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What next for the Teaching Excellence Framework?

3 February 2017
William Hammonds

William Hammonds

Policy Manager
Universities UK

What next for the Teaching Excellence​​ Framework?

Applications for the Teaching Excellence Framework (TEF) – the system being created by government to measure the quality of teaching in universities – closed on Thursday 26 January and there was strong participation from the sector. In total 134 higher education institutions are participating, plus 94 FE colleges and 6 alternative providers, with a further 65 FE and alternative providers opting in for provisional awards on the basis of having a shorter data history. Although participation among English universities was nearly 100%, some of the decisions not to participate highlight the complexity of developing a single assessment system that can fairly represent the full diversity of the UK sector.

The Open University's decision not to participate reflects its unique status as a distance part-time provider that is open to all regardless of qualifications. In Scotland the TEF is an additional burden on top of the Enhancement Led Institutional Review process, a different model of improving the experience for students. TEF's financial incentives also play a part: the OU charge nowhere near the maximum £9000 undergraduate fee and there was no link to funding for Scottish institutions.

As we move into the assessment phase scrutiny of the assessment framework and how it deals with the diversity of sector will increase given the potential impact on reputations. There will be many questions facing the panel over the next couple of months as they formulate their judgement. Some of these include:

  • Balancing quantitative metrics and the provider submission: At the core of the TEF is an assessment of an institution's performance in areas of student satisfaction, continuation through university and labour market destinations, plus an institution submission. Although formally it is a 50/50 split, the guidance makes clear that the starting point for judgements is the core metrics – with any negative flags discounting the chance of a gold and two negatives starting an institution in bronze. Where and how submissions shift institutions up (or down a grade) will be an important question for the panel.
  • Balancing contextual benchmarks and absolute scores: the core metrics use benchmarks – adapted from the UK Performance Indicators – that establish an institution's 'expected' score based on features such as student intake and subject mix. It has been noted by high tariff institutions that at high absolute scores it can be hard to beat a benchmark – outcomes for medics, for example. Equally, lower tariff institutions need contextual benchmarking to ensure they are not penalised for recruiting students from low participation backgrounds.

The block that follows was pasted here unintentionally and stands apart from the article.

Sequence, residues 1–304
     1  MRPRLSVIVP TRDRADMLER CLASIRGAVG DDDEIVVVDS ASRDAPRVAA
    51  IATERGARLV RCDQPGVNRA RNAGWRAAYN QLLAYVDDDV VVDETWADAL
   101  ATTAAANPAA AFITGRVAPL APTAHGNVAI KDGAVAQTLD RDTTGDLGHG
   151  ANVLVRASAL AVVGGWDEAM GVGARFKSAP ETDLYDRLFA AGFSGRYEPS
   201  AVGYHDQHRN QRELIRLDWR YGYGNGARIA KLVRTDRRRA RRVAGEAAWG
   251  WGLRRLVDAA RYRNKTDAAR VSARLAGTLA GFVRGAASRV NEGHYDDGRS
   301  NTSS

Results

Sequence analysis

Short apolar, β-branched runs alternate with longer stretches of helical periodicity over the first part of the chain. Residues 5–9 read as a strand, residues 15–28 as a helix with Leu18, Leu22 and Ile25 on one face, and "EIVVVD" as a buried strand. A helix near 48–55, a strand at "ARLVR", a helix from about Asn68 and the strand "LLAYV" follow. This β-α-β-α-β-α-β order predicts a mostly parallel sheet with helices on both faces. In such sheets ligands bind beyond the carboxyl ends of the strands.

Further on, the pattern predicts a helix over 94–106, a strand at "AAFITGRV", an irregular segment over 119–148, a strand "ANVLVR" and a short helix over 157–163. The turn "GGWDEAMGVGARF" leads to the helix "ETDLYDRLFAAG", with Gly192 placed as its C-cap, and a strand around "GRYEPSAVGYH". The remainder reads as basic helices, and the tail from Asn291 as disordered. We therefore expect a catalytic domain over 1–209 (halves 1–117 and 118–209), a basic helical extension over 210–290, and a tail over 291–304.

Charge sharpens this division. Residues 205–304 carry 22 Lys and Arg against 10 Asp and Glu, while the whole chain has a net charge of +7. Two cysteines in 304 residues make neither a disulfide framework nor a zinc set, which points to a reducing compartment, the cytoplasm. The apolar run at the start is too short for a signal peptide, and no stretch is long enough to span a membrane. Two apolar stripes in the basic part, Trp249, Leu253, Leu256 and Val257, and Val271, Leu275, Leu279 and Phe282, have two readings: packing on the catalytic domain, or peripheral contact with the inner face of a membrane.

• Interpreting geographical factors: universities in London are interested in how POLAR data – which identifies low participation neighbourhoods – is interpreted. In places such as London, where population density, inequality and the pace of social change can be extremely high, this data can be a less reliable guide. Similarly, how contextual data on regional economic and employment patterns will be interpreted against the geographical recruitment and destination patterns of different institutions will also be an important factor.
  • Comparing provider submissions: how these will be interpreted will be of great interest and is perhaps the biggest unknown. While there has been guidance, the aim of this has been to avoid being prescriptive and some of the factors set out above are yet to be settled. This gives more latitude to providers to present their own story but it can also make it harder to compare like with like. There may be diverse types of evidence presented as part of submissions and potentially different presentation 'strategies' between defending core metrics and presenting the university's own story.

These challenges are all inherent in the design of a comparative assessment framework of something as complex as teaching and learning across a diverse sector. Clearly the core metrics cover important areas in their own right but can only be interpreted as vague proxies for teaching excellence. Given this, it has always been essential that there is scope for institutions to present their own evidence of their teaching and learning excellence and impact.

However, the more the assessment framework takes into account diversity and nuance, the more scrutiny there will be of how the panel approaches these trade-offs and interpretations. This is the challenge facing the panel and the capable hands of its Chair, Professor Chris Husbands, when formulating judgements. It will also be important that the lessons learned exercise is a comprehensive and robust evaluation of the process, something UUK has been asking for from the beginning.

Just as important is that the nuances and challenges inherent in TEF judgements, including what judgements do and don't cover, are clearly articulated to the intended beneficiaries of this process – prospective students in the UK, as well as their counterparts overseas. This requires more work between now and May when we will get the results.

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